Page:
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IU's CFO poised to take top job at Temple University

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 The next president of Temple University could be a senior college administrator from Indiana who is an expert in education finance, officials announced Friday.

Indiana University senior vice president Neil Theobald is the sole finalist to lead the Philadelphia institution, Temple trustees said. Theobald will visit the school next week before trustees vote on his appointment on Tuesday.

"At Indiana, he made the tough decisions demanded by our times, while creating greater opportunities for student scholarship," Temple trustees Chairman Patrick O'Connor said in a statement. "I can't think of a better set of values to bring to the Temple presidency."

Theobald also serves as chief financial officer at Indiana, overseeing a budget of about $3.1 billion. In addition, he is an education finance professor at the main campus in Bloomington.

He would replace former Temple president Ann Weaver Hart, who recently left to take the helm at the University of Arizona.

Theobald could not be reached for comment Friday. He said in a statement that he is "thrilled" to be considered for the position.

"Temple's stature, and its potential for continuing to provide affordable excellence to students and their families, makes this an ideal opportunity," Theobald said.

A spokesman for Indiana University declined to comment.

Theobald has worked in various capacities at Indiana since 1993. Prior to that, he taught education finance at the University of Washington and worked as a high school math teacher.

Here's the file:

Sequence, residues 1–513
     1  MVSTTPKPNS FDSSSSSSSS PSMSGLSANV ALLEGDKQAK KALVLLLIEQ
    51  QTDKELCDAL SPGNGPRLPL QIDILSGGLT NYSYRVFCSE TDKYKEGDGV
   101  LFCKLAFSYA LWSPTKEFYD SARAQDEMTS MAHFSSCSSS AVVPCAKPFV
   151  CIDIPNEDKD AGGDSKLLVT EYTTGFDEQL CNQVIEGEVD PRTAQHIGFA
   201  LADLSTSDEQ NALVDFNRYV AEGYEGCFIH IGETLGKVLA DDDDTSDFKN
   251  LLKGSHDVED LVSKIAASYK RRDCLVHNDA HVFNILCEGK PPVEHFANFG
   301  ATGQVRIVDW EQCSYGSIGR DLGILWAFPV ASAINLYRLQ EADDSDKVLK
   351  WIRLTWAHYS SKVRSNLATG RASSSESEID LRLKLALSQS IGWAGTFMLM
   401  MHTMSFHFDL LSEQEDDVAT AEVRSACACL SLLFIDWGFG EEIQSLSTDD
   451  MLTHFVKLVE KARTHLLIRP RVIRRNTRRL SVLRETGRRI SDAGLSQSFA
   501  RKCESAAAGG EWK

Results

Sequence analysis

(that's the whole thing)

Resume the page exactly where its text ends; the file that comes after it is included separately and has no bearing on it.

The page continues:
Originally from Peoria, Ill., Theobald earned a bachelor's degree from Trinity College and a doctoral degree from the University of Washington. He is married with three children.

Theobald is scheduled to meet with Temple students, staff and faculty on Monday and Tuesday. If selected as president, Temple officials said he would start on Jan. 1.

Temple is one of four state-related institutions in Pennsylvania, meaning it gets some public funding but is not under direct state control. It serves about 39,000 undergraduate and graduate students on nine campuses.

Indiana is public research university with about 110,000 students on eight campuses.

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  1. John, unfortunately CTRWD wants to put the tank(s) right next to a nature preserve and at the southern entrance to Carmel off of Keystone. Not exactly the kind of message you want to send to residents and visitors (come see our tanks as you enter our city and we build stuff in nature preserves...

  2. 85 feet for an ambitious project? I could shoot ej*culate farther than that.

  3. I tried, can't take it anymore. Untill Katz is replaced I can't listen anymore.

  4. Perhaps, but they've had a very active program to reduce rainwater/sump pump inflows for a number of years. But you are correct that controlling these peak flows will require spending more money - surge tanks, lines or removing storm water inflow at the source.

  5. All sewage goes to the Carmel treatment plant on the White River at 96th St. Rainfall should not affect sewage flows, but somehow it does - and the increased rate is more than the plant can handle a few times each year. One big source is typically homeowners who have their sump pumps connect into the sanitary sewer line rather than to the storm sewer line or yard. So we (Carmel and Clay Twp) need someway to hold the excess flow for a few days until the plant can process this material. Carmel wants the surge tank located at the treatment plant but than means an expensive underground line has to be installed through residential areas while CTRWD wants the surge tank located further 'upstream' from the treatment plant which costs less. Either solution works from an environmental control perspective. The less expensive solution means some people would likely have an unsightly tank near them. Carmel wants the more expensive solution - surprise!

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